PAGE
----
>>> live coral cover and diversity have been steadily increasing. It
>>> would be most interesting to see if the corals are expanding
>>> northward on Honshu, Japan, and there may be studies on this by
>>> Japanese researchers. Australia should be seeing the same.
>>> In SE Florida the local dive groups I work with there, Cry of the
>>> Water in Broward County, and Reef Rescue in Palm Beach County, are
>>> seeing expansion of the now rare Acropora cervicornis and Acropora
>>> palmata northwards. But they are severely threatened by dredging
>>> projects and algal blooms around the offshore sewage outfalls, which
>>> we have now finally convinced the Governor, after years of appeals,
>>> to shut down. If we can get these reefs protected (which they are
>>> not now), clean up the water, and stop the new dredging projects,
>>> which killed almost all the live reefs of the area in the 1960s and
>>> 1970s, we should see significant northward coral expansion since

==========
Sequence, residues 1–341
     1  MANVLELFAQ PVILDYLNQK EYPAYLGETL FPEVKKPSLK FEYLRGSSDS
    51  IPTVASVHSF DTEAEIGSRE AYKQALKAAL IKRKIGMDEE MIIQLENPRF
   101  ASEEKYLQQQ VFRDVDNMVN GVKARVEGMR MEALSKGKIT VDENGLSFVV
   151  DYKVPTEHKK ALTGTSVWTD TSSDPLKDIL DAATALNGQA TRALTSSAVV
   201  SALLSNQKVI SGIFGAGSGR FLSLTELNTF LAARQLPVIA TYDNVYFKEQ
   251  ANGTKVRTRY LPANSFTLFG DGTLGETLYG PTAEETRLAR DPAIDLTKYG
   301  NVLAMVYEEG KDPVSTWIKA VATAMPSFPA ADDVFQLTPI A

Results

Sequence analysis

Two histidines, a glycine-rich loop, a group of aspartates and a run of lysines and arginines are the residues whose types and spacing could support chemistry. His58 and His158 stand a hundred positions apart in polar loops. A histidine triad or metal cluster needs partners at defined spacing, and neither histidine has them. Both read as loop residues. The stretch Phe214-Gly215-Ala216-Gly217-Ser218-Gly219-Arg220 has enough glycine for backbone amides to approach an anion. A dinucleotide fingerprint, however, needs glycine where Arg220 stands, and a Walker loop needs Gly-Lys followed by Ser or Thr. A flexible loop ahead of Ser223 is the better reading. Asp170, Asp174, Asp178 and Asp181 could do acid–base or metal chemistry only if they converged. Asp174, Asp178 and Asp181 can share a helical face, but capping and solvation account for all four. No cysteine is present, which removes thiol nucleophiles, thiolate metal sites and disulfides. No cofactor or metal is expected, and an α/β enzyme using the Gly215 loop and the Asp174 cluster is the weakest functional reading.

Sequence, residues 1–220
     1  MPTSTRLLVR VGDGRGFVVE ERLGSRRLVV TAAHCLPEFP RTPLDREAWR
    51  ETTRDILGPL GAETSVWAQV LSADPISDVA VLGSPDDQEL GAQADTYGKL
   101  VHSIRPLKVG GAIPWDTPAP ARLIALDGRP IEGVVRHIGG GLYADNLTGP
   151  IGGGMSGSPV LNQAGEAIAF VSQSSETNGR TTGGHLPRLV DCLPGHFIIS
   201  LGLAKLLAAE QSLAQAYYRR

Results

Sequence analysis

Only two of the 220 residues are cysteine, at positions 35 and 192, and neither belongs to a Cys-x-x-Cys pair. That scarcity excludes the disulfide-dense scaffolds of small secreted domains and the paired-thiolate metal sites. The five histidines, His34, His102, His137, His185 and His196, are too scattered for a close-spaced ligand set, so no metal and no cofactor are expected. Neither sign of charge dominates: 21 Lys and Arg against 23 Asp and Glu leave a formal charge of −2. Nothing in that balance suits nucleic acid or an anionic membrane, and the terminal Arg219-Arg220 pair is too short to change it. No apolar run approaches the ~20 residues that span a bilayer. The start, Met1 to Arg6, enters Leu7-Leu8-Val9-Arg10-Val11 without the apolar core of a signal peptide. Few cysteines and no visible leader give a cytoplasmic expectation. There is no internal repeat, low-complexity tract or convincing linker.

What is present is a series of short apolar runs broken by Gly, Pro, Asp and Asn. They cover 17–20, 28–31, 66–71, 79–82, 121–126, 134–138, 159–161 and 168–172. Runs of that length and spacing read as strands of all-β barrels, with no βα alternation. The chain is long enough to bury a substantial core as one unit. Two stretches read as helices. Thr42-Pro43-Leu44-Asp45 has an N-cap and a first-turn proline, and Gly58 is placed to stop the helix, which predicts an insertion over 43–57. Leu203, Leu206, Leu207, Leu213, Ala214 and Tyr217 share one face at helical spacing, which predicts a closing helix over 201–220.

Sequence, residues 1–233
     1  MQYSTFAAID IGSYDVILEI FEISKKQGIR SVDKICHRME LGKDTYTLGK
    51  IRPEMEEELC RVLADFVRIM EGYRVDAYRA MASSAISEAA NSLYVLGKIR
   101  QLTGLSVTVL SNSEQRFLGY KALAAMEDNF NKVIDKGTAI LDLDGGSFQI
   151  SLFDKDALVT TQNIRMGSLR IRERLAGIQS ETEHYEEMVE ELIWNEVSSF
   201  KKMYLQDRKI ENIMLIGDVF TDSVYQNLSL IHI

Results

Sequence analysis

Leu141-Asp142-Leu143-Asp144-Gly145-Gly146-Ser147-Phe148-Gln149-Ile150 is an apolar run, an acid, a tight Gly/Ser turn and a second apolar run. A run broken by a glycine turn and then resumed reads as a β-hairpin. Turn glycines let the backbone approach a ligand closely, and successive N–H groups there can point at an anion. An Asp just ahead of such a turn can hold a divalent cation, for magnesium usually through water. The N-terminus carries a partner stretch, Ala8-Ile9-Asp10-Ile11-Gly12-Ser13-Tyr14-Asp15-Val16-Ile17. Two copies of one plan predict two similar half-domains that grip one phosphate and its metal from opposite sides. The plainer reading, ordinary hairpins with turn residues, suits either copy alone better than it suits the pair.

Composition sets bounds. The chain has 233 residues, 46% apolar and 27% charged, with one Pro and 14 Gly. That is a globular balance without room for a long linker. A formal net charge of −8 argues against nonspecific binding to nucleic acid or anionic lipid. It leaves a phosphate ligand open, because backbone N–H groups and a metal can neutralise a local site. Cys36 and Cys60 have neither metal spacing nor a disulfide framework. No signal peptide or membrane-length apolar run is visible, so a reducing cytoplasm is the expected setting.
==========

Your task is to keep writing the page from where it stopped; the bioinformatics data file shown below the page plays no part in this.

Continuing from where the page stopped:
>>> there is a good supply of coral and fish larvae swept out of the
>>> Caribbean by the Gulf Stream.
>>> Thanks to above average sea surface temperature rise, the
>>> Mediterranean is now warm enough for reef building corals, but the
>>> two local species with zooxanthellae don't build up large
>>> aggregations, and there would be reluctance to introducing non-
>>> species. However, a few million years ago the Mediterranean area was
>>> the global center of coral diversity.
>>> But dreams of coral reef marching poleward, which have been proposed
>>> by some in the past as a benefit of global warming, are probably
>>> fiction. The reason is that the coastal areas of North America,
>>> and Australia that they could expand to are densely populated and
>>> sewage and agricultural nutrients are way too high for coral reefs
>>> even if the temperatures were acceptable.
>>> With regard to the time it takes to form framework coral reef
>>> structures that creates sheltered habitats, as opposed to coral reef
>>> communities that are sparse veneers on non growing coral substrate,
>>> that can take a long time since reefs (as opposed to corals)
>>> typically grow millimeters a year.
>>> Best wishes,